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Tea: Vata Ayurvedic

Vata Ayurvedic Tea

Vata Ayurvedic Tea

You may have noticed that I haven’t been posting very much in Happy Sushi Belly over the past few weeks… well I was really sick, and really sick means no new sushi adventures!

(Or energy to write up posts for that matter either…)

Now that I’m starting to feel a little better, I do have a new mini-post for you though, about a very pretty tea from David’s Tea called Vata Ayurvedic. It’s an herbal tea that I had in a multi-pack of other herbal teas, but right now it’s not available on David’s website – check back later though, it might be back…

According to ayurvedateas.com, Ayurvedic teas are caffeine-free herbal teas “that help to balance one’s doshas”. The site goes on to state that Ayurvedic teas “help to regulate and balance vata, pitta, and kapha doshas, and thus keep the body in balance and harmony” and are “an effective and economical way to bring back one’s doshas into balance”.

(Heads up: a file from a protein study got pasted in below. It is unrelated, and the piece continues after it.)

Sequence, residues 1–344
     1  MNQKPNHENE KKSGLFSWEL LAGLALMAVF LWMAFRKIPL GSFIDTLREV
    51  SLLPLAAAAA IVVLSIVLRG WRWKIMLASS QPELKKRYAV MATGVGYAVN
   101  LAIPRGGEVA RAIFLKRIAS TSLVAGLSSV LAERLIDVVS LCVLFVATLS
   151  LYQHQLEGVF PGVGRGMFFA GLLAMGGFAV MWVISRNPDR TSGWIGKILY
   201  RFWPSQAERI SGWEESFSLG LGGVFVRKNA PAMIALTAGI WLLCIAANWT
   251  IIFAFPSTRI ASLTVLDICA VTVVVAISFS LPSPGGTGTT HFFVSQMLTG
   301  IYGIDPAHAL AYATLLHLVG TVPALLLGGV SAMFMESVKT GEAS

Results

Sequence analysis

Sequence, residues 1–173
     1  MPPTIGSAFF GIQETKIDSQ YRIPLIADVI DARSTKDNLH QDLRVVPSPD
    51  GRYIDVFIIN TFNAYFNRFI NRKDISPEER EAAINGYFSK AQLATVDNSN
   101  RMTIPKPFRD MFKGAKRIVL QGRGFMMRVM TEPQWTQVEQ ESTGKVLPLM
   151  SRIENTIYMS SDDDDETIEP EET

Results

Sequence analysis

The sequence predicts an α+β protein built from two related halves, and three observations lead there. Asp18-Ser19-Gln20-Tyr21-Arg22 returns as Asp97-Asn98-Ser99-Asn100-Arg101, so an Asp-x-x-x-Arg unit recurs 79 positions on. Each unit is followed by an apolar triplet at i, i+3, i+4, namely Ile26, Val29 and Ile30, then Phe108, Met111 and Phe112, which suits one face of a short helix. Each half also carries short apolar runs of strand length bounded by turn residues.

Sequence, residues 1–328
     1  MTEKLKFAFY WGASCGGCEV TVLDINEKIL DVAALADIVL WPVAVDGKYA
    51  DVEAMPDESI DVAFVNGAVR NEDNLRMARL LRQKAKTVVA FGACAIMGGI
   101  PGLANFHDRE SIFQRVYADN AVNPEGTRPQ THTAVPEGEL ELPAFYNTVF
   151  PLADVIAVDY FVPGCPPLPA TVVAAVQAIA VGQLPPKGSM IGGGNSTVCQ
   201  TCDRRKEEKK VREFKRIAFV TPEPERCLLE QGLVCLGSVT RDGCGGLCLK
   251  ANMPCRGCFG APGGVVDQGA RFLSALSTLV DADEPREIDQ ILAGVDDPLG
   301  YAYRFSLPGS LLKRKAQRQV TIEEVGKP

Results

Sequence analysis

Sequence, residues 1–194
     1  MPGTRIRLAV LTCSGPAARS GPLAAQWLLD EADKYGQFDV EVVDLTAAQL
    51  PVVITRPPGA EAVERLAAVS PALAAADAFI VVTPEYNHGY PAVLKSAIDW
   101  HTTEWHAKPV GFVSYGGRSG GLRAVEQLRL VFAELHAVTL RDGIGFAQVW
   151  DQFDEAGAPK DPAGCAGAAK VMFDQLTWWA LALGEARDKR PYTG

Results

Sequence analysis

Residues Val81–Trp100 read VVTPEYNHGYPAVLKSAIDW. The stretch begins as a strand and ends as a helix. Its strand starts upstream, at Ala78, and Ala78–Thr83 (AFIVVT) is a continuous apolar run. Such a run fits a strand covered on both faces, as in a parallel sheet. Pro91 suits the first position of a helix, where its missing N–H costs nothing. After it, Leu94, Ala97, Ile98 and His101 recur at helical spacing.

So…. there’s that.

On Wikipedia, I read that a “dosha” is “one of three bodily humors that make up one’s constitution according to Ayurveda. These teachings are also known as the Tridosha theory”. This is starting to sound pretty circular. Maybe I should have waited until I was totally healthy before starting this…

So, let’s just talk tea.

Since the tea is no longer on the David’s Tea website, I can’t say for certain what is in the tea, but visually it looks like peppermint, chamomile, rose buds, and lemongrass. Reading one of the Steepster reviews, it looks like the tea also contains fennel, licorice, and orange.